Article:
The best retail operations have defined selling systems already in place for handling in-store traffic. Processes should be developed and put in place for nonphysical leads as well. Systems define outcomes so, when defining your lead management systems, consider the best outcomes for nonphysical leads. To me, that means converting a high proportion of incoming leads into sales of larger average tickets, while at the same time delivering top customer experiences. If you are on board with this, you will want one of the following four outcomes for an incoming lead:
From this data, you will be able to see metrics such as traffic by lead type, revenue per lead, sales by appointment type, success rate of lead managers and sales associates.
• An immediate sale
• An in-store appointment scheduled with an associate
• An appointment scheduled virtually
• An appointment scheduled in the customer’s home
Your systems and processes define your sales funnel, much like natural gas being directed to homes. Upon entering the funnel your leads need to be managed in a defined way. When they exit the funnel they should move in a desired, organized direction. This results in less waste. “The gas does not spill.” Instead, the flow is controlled and moved along. Here is a summary of how the lead process may work:
• Lead (calls, chats, emails, texts, messages, web forms) enter the funnel.
• Customer inquiries are answered by the leads manager and/or dedicated staff that reports to the lead manager. If for some reason the lead management staff is not available, information can be taken for a same-day response. Lead managers and lead associates should be as knowledgeable about your products and selling systems as any other salesperson in your organization. Designated salespeople who normally handle walk-in traffic can also take these incoming leads provided they are trained and monitored and follow processes as directed by the lead manager.
• Customer leads need to be managed in a uniform way, similar to the following five common in-person retail selling systems steps.
i) Start a conversation. Start with an approved greeting. Get all their information including name, where they live and contact information for follow up.
ii) Understand the situation. Ask the right questions and collect all the information necessary (pictures and video are great).
iii) Propose a solution. Solutions include an immediate purchase, a scheduled in-store appointment during the week, a scheduled virtual appointment or a scheduled appointment in the customer’s home. Note that in-store appointments should be transitioned from the lead manager to a sales associate or a designer of the sales manager’s choosing. All appointments should be hard-scheduled with an accepted calendar invite!
iv) Conclude the sale. Get the right merchandise and services booked for the customer.
v) Follow up. Follow up with the customer during the entire process at scheduled touch points.
Be ready for in-store or virtual appointments.
Appointments are similar in many ways to making house calls in that sales or design associate preparation is critical. Ensure that they are prepared by having an understanding of the customer’s situation before the appointment. Have pictures, know how the room will be used and by whom (pets, children, number of people), ask about style/color preferences, when the merchandise is desired (custom and in stock), know budget and preference for financing (so approvals can be processed), even create sample room plans in advance. Treat in-store appointments as a VIP experience: think welcome package. Be Ready for Success!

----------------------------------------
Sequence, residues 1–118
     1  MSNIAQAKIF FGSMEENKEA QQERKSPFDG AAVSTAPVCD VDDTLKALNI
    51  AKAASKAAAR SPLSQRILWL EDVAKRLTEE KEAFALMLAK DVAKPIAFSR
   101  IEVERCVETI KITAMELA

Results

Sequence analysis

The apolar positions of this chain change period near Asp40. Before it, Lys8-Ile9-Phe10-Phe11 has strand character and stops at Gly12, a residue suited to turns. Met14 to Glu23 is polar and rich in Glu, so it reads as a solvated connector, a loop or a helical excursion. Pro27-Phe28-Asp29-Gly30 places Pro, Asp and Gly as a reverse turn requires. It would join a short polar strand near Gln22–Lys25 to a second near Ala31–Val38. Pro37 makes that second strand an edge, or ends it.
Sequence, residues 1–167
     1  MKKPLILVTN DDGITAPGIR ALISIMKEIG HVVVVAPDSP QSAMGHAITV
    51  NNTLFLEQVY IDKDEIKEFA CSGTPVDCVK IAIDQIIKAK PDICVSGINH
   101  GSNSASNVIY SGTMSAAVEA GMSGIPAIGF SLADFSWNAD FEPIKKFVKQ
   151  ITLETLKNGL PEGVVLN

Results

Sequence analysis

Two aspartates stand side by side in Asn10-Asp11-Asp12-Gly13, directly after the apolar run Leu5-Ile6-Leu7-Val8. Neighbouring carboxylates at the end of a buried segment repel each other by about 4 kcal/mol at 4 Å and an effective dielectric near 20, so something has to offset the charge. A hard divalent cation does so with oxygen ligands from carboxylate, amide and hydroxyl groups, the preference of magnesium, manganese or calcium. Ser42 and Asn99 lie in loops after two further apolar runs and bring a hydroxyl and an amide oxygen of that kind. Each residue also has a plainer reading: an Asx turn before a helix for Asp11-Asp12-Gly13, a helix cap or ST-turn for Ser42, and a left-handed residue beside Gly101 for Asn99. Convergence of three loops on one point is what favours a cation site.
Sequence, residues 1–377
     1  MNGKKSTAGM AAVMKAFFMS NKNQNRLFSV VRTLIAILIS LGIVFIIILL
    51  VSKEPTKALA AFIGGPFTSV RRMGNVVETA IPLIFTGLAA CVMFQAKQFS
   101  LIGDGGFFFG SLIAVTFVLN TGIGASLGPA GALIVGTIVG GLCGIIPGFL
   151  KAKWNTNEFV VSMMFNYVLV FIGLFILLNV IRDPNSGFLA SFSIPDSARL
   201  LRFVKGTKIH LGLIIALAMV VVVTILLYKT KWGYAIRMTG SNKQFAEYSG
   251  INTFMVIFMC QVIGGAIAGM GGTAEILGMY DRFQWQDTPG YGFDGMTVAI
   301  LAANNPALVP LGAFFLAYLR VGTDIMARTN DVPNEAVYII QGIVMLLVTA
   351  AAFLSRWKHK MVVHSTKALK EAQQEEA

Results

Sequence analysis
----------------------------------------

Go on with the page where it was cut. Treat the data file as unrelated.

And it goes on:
Track the lead process.
Either use your ERP or a CRM as the hub of your process. This will enable task management and a central place to store notes. Control the pipeline of multiple leads through this “funneling” process. You can use various methods and platforms to communicate with prospects, but the interactions and tracking are best recorded in a central hub-like system. For example, if a chat comes in, it is recorded in the CRM or ERP hub. The appointment and follow-up are also recorded in the hub along with additional important information. Whether subsequent follow up happens via Facetime, in person, email, etc., all notes need to be maintained. This is a common work-in-process system. On its most basic level, the management system should track: To Do Tasks, Doing Tasks, and Done Tasks. By following this process, the management and tracking of information become an engine for growth.
To generate a greater number of appointments and make your process as streamlined as possible, I recommend using a web based appointment system connected to your website and other sites (e.g., Instagram). This enables customers to book appointments with the desired sales associate at a time that suits all parties. Your manager can set the parameters of the available slots for sales designer associates. These systems help organize and make better use of everyone’s time.
Better lead management
also produces higher close rates and higher average sales. This has been
proven over the past few months by the many stores that operated via appointment.
Establish metrics for tracking the results of your lead management actions so you can achieve continuous improvement. Here are some metrics to consider tracking:
a) Non-physical leads and source
b) Who the lead was assigned to
c) Leads with customer information vs. no information
d) Leads that result in a remote sale, an in-store appointment, a virtual appointment, no sale or a house call
e) Sales associate assigned to lead via appointment
f) Results of appointments
From this data you will be able to see metrics such as traffic by lead type, revenue per lead, sales by appointment type, success rate of lead managers and sales associates. You will also get an overall opinion of the value of managing your customer’s journey—starting with the real front door.
Upon entering the funnel your leads need to be managed in a defined way. When they exit the funnel they should move in a desired, organized direction. This results in less waste.
With any new process there are always people who say “What if this happens?” or “That won’t work because of…” I say, there are exceptions to everything. Don’t create your standard operating processes around exceptions. Don’t hurt your future by holding on to the past. Move toward where you want to go. You will have a much better chance of getting there.
It is a fact that customers engage with businesses prior to showing up physically. This was true before COVID, it has been greatly expanded by COVID and it will continue to be the norm after COVID. My advice is to constantly improve upon systems and processes for managing your customer’s journey and ask the question: “How am I going to better manage leads though my pipeline and into my funnel?” For my part, I will continue to develop systems and processes for our industry and report my findings and suggestions in follow-up articles for Furniture World to help you maximize your potential and your customers’ experience.